“Sometimes we have to do the work even though we don’t yet see a glimmer on the horizon that it’s actually going to be possible.” – Angela Davis
Social activism is work. Whether you’re pounding the pavement as a protestor, petitioning political representatives, donating to ongoing campaigns, attending community meetings, or a million other potential roles one can take in this ongoing struggle, you’re likely to feel burnt out at some point.
That’s especially true for this specific moment we’re in, where our usual methods for recentering are not available to us. Isolated with our smart devices, it’s hard not to doom scroll in our spare time, which can make us feel like no effort is enough to make a meaningful difference.
How do we resist this pessimism and remain committed to our work? How do we take it one step further to not just feel accountable to our work, but begin deriving pleasure and satisfaction from it?
“I don’t think we have any alternative other than remaining optimistic. Optimism is an absolute necessity, even if it’s only optimism of the will… and pessimism of the intellect.”
– Angela Davis
In adrienne maree brown’s book Pleasure Activism, she talks about the necessity of pleasure in activism and how reclaiming pleasure as a path to liberation. In the same spirit, here are five ways to sustain your activism through pleasure:
1. Set the intention.
“We need to learn how to practice love such that care—for ourselves and others—is understood as political resistance and cultivating resilience.” – adrienne maree brown
Though it sounds simple, deciding that you want to participate in a type of activism where pleasure is prioritized over suffering is a huge first step. Take a look at how you’ve perceived activism in the past and be intentional about what ideas or strategies you want to disengage from moving forward. While there are sure to be days that are discouraging or tiring, affirm that these will be the exception rather than the rule. Set the intention to bring contentment, joy, and pleasure into your activist work. Remind yourself that reclaiming pleasure is a revolutionary act in itself.
2. Learn your erotic needs.
“In touch with the erotic, I become less willing to accept powerlessness, or those other supplied states of being which are not native to me, such as resignation, despair, self-effacement, depression, self-denial.” – Audre Lorde
Pleasure Activism builds on an idea first presented in writer and activist Audre Lorde’s essay “Uses of the Erotic,” wherein she states the importance of understanding one’s erotic desires as a type of power that can be used for creating a life that is intentionally centered around love, satisfaction, and harmony.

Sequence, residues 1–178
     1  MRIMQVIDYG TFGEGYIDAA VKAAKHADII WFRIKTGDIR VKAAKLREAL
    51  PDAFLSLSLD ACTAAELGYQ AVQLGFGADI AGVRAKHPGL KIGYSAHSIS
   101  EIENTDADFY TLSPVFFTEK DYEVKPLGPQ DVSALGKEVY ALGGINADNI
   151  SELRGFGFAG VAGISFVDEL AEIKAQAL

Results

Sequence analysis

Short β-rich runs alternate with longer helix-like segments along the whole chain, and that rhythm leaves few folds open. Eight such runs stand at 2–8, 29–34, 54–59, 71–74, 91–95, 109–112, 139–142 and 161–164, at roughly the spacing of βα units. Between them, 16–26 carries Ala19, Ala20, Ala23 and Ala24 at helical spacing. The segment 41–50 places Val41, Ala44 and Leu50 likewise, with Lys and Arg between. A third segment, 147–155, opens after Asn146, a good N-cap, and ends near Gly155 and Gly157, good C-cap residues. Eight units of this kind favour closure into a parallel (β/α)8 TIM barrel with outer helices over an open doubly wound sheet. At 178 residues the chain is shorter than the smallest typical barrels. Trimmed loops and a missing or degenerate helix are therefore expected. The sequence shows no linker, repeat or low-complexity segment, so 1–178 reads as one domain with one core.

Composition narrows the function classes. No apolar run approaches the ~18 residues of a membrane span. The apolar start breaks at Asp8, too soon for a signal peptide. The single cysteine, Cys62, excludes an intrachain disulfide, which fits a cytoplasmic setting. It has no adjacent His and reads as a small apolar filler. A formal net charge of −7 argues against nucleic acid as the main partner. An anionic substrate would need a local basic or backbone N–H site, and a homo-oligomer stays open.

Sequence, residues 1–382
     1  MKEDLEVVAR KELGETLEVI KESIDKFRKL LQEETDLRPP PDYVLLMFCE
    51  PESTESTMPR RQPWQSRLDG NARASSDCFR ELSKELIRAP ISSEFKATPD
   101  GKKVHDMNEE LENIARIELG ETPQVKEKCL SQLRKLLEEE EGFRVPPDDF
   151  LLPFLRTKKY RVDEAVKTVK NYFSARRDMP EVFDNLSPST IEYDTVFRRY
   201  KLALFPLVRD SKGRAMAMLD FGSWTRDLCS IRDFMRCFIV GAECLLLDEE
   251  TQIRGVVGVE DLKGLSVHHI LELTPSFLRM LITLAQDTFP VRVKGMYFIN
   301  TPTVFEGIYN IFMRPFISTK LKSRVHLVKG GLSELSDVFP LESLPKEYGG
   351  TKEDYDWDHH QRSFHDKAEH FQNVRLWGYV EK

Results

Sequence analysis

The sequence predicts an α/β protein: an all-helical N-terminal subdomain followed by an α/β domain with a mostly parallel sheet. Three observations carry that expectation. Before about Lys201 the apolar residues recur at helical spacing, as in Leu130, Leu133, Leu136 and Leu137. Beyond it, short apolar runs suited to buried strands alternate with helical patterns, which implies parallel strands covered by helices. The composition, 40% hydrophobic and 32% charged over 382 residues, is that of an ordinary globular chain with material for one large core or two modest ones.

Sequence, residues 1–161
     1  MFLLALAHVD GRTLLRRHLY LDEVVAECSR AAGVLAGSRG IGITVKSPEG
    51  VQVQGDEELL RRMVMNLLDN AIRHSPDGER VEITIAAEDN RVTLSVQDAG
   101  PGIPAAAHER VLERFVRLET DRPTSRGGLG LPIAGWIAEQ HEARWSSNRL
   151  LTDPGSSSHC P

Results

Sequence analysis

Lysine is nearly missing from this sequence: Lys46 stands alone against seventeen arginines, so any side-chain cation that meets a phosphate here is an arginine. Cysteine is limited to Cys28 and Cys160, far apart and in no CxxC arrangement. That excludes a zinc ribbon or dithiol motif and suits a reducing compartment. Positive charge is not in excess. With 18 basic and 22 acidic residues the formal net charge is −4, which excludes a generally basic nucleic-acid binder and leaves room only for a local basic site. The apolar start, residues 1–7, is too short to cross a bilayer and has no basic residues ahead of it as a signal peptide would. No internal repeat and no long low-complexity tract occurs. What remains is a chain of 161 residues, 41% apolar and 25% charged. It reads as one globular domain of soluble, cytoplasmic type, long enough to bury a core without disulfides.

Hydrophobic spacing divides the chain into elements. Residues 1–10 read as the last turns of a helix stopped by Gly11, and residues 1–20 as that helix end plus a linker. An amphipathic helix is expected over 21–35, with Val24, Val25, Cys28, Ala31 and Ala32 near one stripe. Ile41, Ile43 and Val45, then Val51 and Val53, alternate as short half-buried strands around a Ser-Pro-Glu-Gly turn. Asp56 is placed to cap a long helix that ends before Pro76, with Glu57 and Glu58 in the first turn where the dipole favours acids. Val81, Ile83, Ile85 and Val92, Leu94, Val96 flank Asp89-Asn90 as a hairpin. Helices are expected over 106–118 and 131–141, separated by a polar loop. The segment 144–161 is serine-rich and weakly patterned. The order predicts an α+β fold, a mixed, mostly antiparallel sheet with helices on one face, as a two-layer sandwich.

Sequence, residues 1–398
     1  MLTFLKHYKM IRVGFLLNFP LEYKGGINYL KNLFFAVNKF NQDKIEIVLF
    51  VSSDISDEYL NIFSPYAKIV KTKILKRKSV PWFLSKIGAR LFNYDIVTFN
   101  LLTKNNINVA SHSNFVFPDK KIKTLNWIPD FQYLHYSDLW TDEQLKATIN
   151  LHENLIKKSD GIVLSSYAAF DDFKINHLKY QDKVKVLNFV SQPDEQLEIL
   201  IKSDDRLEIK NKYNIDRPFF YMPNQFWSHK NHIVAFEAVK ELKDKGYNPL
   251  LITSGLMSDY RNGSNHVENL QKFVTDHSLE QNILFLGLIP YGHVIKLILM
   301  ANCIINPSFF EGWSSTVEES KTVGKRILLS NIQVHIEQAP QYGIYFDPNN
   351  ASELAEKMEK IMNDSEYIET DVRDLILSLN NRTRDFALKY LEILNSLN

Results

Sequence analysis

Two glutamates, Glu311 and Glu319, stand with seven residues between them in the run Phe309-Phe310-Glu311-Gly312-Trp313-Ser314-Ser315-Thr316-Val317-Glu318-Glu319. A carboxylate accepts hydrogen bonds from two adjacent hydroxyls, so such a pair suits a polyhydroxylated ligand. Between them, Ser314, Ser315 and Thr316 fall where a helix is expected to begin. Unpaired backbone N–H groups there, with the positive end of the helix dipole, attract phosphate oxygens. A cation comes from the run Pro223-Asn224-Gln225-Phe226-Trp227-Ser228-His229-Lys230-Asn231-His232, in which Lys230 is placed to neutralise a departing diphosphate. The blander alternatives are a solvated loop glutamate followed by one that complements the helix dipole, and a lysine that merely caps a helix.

The problem is that many of us have become disconnected from what we need to feel full and engaged. That makes the process of learning and naming our erotic needs integral to activism that is centered in pleasure.
3. Stay centered in the “why.”
“You have to act as if it were possible to radically transform the world. And you have to do it all the time.” – Angela Davis
Opponents will attempt to knock you off track by purposely misunderstanding the message of the movement. For this reason, you must remain close to and centered in why this work is necessary. You must really feel into the purpose behind your efforts and the future you’re working towards. Imagine what the world will be like when all beings are loved, safe, and free. Allow yourself to be buoyed by the collective energy that is working towards that future.
4. Cushion the work in pleasure.
“Pleasure is not one of the spoils of capitalism. It is what our bodies, our human systems, are structured for; it is the aliveness and awakening, the gratitude and humility, the joy and celebration of being miraculous.” – adrienne maree brown
Release the belief that pleasure is something that must arise unprompted and begin to intentionally seek it out and cultivate it. Cushioning the work in pleasure means offsetting some of the draining aspects of the work with things that you know make you feel good. That might mean committing to eight hours of sleep every night. It might mean making a deliciously refreshing mocktail or meal before sitting in front of your computer to email representatives. It might mean ending your day with self-massage or an orgasm as a way of rewarding yourself. Make a list of the things that bring you pleasure and/or joy and become curious about how you can bring them into your routines.
5. Invite intimacy into your relationships.
“The sharing of joy, whether physical, emotional, psychic, or intellectual, forms a bridge between the sharers which can be the basis for understanding much of what is not shared between them, and lessens the threat of their difference.” – Audre Lorde
To be intimate is to be authentic and vulnerable. While we often limit this type of closeness to romantic relationships, it doesn’t have to be that way. In this moment where many of us are physically isolated, we need intimacy more than ever. We need people we feel safe sharing with and who we can be in healthy emotional exchange with. Reach out to someone (or a group of people) you trust and commit to a regular check-in where you can honestly share how you’re feeling.
If intimacy with another person proves intimidating, you can also practice intimacy with yourself. Journaling, recording voice notes, and self-pleasure can be great ways of exploring your internal landscape.
Feature image by Cecilia Di Paolo